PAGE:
Waiting has never been easy for me. Whether I’m waiting for little things…the coffeemaker, my book I ordered to come in the mail, even (or especially) that rollercoaster line that lasts two hours…or waiting for the big things…college graduation, marriage, pregnancy…I always find myself struggling to make the most of that idle time. I want meaning! Direction! Routine! Productivity! Results! If I have too much quiet time, I tend to freak instead of think. I scramble instead of rest. I make lists instead of putting my feet up. I stay busy instead of reflecting.
These last few weeks (and now mere days) of waiting on our daughter have been disorienting. The first couple weeks off work were easy to fill. I had SO many tiny onesies and dresses and leggings to wash, several items to still purchase at the store, and lots of organizing to do. There was painting, cleaning, getting-rid-of and re-finaggling of the house. But once those tasks were done, I entered this time and space that was/is eerily quiet. The days at home get a little lonely. And while rest is essential these days, it sometimes makes me feel bored and useless. During times of boredom, if I’m not careful, I will simply let my mind fill up instead of filling my mind with good things, preparation kinds of things.
One thing I found myself doing was thinking about my past while trying to imagine my new future…and between the two, I wondered: Where does my bucket list fit in? If I didn’t do them in my past, are they a lost cause now that I’m having a kid? And I get that nudging fear…what if I never do them at all now that we are starting a family? What if I never live in New York City working at a journalism job. Travel to Africa for a year to write and take photographs? Hike for days in the Grand Canyon? Learn to surf in Australia? Become a teacher? Write a book? The list really could go on forever. There are thousands of things I’d love to do before my time’s up, and I began to feel a little trapped by the concept that I chose to have kids FIRST, the arguably more time-consuming off my bucket list, thus shrinking my potential for doing most other items on my list.
I think these thoughts are present because I have so many friends now doing some really lovely things with their lives. Laura just left for a year in Paris. Ashley is leaving soon for a few months in Europe. Sam is starting grad school in Austin, TX. So many new possibilites and amazing opportunities. It’s intoxicating.
I also think these thoughts are present because just last week, my mom and I were lunching at the Olive Garden. We were talking about where we were in life, if it’s where we thought we’d be, etc. I was telling her about my lovely friends and their lovely adventures. She is very aware of the many things I desire to do, and she asked me: Do you have any regrets?
I will be 27 in about two weeks, so I feel way too young to consider that I have huge regrets in my life. But I feel like if you showed my life to my 18-year-old self, I might have answered yes, there are regrets! Because you never lived out of state! You live ten minutes from mom and dad and from your old high school! You married your high school sweetheart and didn’t do much traveling and never made it to Africa! WHAT ARE YOU DOING getting pregnant at this inopportune time? You haven’t LIVED! So irresponsible! (I wasn’t quite that militant at 18 but definitely had lofty dreams).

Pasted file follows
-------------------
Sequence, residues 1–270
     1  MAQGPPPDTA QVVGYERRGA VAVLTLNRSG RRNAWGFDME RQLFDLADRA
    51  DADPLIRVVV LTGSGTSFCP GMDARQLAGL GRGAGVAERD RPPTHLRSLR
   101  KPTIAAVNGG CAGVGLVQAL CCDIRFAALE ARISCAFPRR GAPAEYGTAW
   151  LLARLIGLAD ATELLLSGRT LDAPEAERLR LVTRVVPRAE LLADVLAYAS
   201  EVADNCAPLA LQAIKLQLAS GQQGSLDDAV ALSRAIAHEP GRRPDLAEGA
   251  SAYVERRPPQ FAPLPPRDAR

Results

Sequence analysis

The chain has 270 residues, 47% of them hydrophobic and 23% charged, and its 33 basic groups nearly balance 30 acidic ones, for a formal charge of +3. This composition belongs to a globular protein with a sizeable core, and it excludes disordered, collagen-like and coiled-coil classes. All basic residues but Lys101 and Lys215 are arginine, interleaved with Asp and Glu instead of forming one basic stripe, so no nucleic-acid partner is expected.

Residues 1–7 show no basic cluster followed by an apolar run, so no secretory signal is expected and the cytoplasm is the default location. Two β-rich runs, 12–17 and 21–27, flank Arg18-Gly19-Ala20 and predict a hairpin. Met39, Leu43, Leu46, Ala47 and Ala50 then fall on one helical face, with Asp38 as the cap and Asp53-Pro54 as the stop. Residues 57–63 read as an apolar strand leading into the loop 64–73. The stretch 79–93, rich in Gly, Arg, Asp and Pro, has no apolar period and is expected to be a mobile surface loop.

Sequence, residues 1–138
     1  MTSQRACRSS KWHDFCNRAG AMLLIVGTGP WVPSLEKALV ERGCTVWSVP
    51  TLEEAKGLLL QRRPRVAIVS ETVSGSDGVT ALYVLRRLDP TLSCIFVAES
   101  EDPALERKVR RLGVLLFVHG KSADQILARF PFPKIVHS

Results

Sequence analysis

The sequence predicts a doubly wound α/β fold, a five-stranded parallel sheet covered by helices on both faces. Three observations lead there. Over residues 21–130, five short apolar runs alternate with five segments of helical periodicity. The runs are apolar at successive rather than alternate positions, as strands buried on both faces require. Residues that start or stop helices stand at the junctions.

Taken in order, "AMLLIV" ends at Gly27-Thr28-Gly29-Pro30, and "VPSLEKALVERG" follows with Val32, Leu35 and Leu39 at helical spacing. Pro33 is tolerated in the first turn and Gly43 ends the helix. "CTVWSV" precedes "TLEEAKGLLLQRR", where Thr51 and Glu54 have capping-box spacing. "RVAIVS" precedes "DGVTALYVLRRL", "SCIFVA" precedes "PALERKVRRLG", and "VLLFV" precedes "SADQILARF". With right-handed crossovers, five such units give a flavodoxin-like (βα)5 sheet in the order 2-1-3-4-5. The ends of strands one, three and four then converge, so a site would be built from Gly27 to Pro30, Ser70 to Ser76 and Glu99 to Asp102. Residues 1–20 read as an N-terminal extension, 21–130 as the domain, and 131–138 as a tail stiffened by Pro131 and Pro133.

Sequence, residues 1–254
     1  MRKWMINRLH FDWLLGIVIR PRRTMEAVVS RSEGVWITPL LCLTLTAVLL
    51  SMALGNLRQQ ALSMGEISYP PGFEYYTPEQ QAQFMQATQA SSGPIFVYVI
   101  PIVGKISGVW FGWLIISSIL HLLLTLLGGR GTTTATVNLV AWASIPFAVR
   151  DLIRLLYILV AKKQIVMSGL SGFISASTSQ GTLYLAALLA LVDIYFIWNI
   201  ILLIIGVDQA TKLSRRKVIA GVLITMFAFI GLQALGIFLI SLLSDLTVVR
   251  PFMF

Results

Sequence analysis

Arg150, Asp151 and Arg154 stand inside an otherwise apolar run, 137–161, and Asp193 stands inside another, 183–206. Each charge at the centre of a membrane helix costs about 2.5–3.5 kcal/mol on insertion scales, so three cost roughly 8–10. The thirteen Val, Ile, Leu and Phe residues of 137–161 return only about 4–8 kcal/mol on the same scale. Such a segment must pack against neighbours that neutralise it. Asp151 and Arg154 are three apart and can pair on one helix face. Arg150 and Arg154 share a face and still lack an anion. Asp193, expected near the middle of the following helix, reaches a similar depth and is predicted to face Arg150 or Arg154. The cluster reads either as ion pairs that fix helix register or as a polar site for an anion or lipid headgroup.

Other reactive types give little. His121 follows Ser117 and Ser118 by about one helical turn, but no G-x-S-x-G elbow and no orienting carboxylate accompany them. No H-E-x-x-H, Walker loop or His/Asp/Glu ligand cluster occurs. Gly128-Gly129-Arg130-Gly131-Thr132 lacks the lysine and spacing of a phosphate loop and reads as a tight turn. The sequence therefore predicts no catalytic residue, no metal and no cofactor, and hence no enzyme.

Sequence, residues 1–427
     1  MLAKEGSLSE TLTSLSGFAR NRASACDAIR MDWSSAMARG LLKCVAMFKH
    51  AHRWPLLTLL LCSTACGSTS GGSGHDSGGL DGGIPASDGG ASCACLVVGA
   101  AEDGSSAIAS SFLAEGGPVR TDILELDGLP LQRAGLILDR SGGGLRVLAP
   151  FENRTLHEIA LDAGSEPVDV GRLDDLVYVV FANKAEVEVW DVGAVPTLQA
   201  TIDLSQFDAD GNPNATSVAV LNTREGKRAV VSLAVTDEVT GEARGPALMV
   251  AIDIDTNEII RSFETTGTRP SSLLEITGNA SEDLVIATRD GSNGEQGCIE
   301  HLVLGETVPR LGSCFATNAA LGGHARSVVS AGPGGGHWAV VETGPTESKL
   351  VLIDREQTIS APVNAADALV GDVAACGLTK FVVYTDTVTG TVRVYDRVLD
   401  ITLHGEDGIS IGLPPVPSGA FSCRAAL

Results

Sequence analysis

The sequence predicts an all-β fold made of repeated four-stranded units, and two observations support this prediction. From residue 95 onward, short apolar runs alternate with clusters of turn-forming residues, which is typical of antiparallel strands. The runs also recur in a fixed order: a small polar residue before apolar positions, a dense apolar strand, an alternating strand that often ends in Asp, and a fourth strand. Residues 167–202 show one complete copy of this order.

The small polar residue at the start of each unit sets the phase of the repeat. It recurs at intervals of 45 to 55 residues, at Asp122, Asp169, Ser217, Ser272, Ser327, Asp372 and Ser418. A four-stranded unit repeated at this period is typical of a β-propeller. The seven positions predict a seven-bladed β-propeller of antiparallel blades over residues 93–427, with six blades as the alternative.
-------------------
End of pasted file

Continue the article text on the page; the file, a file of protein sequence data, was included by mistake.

But my immediate answer to mom was no. Because if I flip flopped my life right now…if I imagine myself having let Cody go, my love and best friend from the time I was 15…if I imagine myself in a loft apartment in New York working a swanky journalism job…if I imagine myself having traveled to many countries and taken many photographs and written many stories and met many amazing people… When I imagine all that, I can also see something else. I know myself. And I know that I would have been sad on my 27th birthday if I were nowhere near the ability to be married and have a family. I’d love my life, to be sure, and hopefully wouldn’t waste it thinking about what I didn’t have yet (since 27 is still so young). But I know deep down, no matter what I’ve ever wanted to be, mom was always at the top of the list. It was the ONE thing that had to fit in, no matter what I did.
And lately, I’ve felt blessed…almost in a crushing way…that I get to experience this now. That I get to watch my body strain and suffer to carry this little girl. That I get to see Cody just a little disappointed every day that goes by in which Heidi has not come yet. That when I’m in the hospital, I get to hand this tiny little girl to my parents…to my brothers and sister…to Cody’s family. That I get to see Cody and I in her face, when it doesn’t seem that long ago he and I were just kids. That I get to experience the extreme highs and lows of being a parent. That I get to trudge through those first few sleepless months filled with endless laundry and midnight feedings and falling alseep on the couch with my daughter snuggled on my chest. That I am bringing an entirely new realm of possibilities into my life, by the grace of God.
And that within her life, my entire bucket list could still exist. We could share many of the same passions. She’s not less opportunity for me. She’s more…more growth, more stretching, more breaking and mending, more love.
I am trying my best to be patient, but as you can see, there is so much to look forward to. And I’ve just never been very good at waiting.
“Forget the former things;
do not dwell on the past.
See, I am doing a new thing!
Now it springs up; do you not perceive it?
I am making a way in the desert
and streams in the wasteland.”